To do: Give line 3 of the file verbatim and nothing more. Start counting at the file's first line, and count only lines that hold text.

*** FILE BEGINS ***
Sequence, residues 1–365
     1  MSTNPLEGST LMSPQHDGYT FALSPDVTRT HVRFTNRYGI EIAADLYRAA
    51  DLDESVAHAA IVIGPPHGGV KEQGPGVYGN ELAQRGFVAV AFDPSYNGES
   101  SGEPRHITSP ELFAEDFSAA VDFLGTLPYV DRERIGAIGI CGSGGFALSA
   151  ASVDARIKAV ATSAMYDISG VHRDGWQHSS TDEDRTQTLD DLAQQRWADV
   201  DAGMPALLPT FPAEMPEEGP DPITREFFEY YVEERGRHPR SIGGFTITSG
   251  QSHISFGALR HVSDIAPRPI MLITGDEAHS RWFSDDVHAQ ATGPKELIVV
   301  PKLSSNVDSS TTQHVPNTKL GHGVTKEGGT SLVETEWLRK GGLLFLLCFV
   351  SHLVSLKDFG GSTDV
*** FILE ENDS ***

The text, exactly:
    51  DLDESVAHAA IVIGPPHGGV KEQGPGVYGN ELAQRGFVAV AFDPSYNGES